When a sensitive situation unfolds, many managers opt to limit communications to their inner circle. They fear that providing partial information in a rapidly developing environment will confuse and unsettle their wider group of stakeholders. They don’t manage expectations, and they’re not transparent.
The result? Employees, customers and shareholders are left to imagine the worst.
If you’ve ever been on the receiving end of a merger, acquisition, major layoff, restructuring, price hike, or business delay, you know what’s it like to be out of the loop.
Unfortunately, these are not isolated incidents. They happen all the time and in every realm. A few examples:
M&A thrusts employees into limbo: Company S was being acquired, and, as is typical, the main thrust of activities -- from initial exploration to the final deal -- went on behind closed doors. None of the employees knew until three months before D-Day whether they would retain or lose their jobs.
The upshot? The most talented employees quickly started job hunting, secured new positions and promptly left. That’s an unintended and undesirable effect of corporate silence.
What’s the best way forward? A report by KPMG on navigating complex mergers and acquisitions recommends “five practical moves to improve your odds of success." Among them: “Adopt a people strategy for the times.”
Financial services volatility freaks out retail investors:When markets are in flux, those with an absentee financial advisor likely think the sky is falling. Investors have greater trust in an advisor who calls them -- even with bad news -- to discuss the economic context, their portfolio and how to hedge for the future.
Silence can be costly to relationships and portfolios. Markets typically pull back three times per year. Declines occur every few years, and severe ones over a longer timeframe.
So, what’s the downside of an advisor remaining hush? Investors react impulsively to reduce their discomfort and cut their losses, but more often than not sabotage achieving their underlying goals. In other words, it’s bad for business all around.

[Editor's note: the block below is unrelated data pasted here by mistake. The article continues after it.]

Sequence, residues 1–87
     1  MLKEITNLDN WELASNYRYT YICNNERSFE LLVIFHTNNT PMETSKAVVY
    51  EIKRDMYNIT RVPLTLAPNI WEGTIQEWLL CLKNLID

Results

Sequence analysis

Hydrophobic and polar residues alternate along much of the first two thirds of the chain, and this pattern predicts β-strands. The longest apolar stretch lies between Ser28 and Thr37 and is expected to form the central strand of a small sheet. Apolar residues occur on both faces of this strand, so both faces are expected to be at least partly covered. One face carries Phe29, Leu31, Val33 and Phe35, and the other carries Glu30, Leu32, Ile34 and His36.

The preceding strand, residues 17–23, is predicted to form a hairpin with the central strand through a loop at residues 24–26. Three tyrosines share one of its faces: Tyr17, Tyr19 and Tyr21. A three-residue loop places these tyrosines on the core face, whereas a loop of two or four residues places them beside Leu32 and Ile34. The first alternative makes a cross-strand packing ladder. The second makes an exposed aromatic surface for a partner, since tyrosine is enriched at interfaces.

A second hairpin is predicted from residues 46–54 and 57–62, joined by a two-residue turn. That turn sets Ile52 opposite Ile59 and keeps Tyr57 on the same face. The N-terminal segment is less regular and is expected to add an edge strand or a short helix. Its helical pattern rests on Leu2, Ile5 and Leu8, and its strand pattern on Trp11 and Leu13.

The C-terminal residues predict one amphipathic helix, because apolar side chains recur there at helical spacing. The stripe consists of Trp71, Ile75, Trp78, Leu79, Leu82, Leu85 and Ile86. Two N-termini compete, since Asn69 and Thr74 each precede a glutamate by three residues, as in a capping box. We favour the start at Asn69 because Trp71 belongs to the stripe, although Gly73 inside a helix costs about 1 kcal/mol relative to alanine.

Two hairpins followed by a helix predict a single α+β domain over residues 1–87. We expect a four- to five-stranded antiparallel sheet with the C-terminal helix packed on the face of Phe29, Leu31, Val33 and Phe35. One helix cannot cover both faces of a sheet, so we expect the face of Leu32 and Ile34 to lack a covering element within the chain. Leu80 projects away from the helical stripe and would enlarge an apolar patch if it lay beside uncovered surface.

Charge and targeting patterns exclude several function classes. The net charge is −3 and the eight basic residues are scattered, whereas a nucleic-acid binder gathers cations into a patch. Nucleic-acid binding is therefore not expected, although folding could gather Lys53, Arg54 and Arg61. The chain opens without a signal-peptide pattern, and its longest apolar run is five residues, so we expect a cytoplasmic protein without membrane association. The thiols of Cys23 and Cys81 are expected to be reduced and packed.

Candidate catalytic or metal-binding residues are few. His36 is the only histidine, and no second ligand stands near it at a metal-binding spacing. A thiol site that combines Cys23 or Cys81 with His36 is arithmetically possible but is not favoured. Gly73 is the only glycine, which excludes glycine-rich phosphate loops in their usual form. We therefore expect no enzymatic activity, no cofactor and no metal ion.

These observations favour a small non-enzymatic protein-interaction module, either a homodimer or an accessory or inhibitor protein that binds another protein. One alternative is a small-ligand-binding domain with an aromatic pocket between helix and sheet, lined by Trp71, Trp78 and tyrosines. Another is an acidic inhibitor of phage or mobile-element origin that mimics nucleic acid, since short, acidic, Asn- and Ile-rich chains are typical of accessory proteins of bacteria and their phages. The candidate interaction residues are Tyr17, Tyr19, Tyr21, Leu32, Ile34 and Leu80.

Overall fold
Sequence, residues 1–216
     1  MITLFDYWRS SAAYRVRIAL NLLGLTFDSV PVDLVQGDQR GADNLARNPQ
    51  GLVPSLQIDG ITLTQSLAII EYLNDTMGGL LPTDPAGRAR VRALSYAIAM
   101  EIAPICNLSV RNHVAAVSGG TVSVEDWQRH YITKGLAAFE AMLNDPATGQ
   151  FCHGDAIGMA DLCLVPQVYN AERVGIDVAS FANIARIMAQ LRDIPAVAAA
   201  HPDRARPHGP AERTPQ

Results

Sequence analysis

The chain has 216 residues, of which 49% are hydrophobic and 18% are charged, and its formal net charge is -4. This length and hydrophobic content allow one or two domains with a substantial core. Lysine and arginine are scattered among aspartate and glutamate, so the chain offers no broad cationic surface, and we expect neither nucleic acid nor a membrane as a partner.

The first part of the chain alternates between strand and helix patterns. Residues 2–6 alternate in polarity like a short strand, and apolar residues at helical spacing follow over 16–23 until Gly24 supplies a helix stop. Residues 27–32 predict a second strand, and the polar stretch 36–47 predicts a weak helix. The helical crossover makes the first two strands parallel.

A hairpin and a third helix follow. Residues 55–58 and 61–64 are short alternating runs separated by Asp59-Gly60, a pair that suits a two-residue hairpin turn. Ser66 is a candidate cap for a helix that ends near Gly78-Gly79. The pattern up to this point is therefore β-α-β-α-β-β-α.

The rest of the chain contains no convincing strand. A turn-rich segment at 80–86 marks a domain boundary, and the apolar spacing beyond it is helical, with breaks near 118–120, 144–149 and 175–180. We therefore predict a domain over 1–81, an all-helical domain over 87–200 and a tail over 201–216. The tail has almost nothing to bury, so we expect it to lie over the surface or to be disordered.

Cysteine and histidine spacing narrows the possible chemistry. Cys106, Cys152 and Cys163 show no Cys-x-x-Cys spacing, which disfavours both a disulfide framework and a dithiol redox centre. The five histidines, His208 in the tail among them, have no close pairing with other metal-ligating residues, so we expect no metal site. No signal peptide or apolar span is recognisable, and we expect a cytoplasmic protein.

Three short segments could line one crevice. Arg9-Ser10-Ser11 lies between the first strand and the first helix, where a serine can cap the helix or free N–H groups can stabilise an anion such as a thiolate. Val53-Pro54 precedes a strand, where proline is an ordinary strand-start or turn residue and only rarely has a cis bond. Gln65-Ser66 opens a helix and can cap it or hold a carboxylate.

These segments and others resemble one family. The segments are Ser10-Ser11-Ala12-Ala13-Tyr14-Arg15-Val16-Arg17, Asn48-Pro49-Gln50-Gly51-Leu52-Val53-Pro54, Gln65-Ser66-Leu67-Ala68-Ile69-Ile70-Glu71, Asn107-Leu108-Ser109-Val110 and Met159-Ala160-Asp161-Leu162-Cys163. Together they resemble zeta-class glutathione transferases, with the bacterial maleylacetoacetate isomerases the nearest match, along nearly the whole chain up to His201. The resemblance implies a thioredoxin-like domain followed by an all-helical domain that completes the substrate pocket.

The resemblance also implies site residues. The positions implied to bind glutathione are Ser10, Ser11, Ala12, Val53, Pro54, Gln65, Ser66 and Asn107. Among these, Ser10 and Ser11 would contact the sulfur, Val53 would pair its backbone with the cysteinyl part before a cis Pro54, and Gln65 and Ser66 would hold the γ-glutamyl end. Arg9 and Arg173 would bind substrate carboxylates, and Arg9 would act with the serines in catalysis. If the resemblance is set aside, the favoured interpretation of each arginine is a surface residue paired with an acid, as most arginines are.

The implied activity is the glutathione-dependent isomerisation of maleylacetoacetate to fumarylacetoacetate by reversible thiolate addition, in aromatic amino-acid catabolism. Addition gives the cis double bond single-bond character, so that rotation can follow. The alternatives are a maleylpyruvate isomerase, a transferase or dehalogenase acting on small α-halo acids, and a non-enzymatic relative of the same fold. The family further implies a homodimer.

Condo management reticence muddies the works:The building needed seven figures to pay for overdue repairs. The elevator was out of service for two years and then some, and scaffolding for the required once-in-a-decade façade inspection was up for months longer than promised.
Rather than address the situation, the management company skulked in the background. It sent only two messages to residents about the elevator, creating frustration and unmet timelines for completion. It sent one scaffolding update with an estimate of several months, which took three times longer. Lack of candor and accurate information created ill will and lack of trust in the management company.
Furniture company shenanigans leave customers in the lurch:Customers ordered a dining set from Norway with an eight-week delivery estimate. It arrived NINE MONTHS later. After the initial period passed, the customer was told the furniture was on a cargo ship waiting to dock and would then need to go through proper customs channels. A few months later, the furniture company changed the story and reported that the type of tree -- rosewood -- used for this piece could only be harvested once each year. Seriously?
The moral of these stories? If we do our jobs correctly, we educate our clients that change and upheavals are part of life. Communicate information judiciously. Be upfront and forthright. Give those in your orbit the benefit of your knowledge and respect. It’s not always easy, but it makes for better outcomes, and for a better night’s sleep for everyone involved.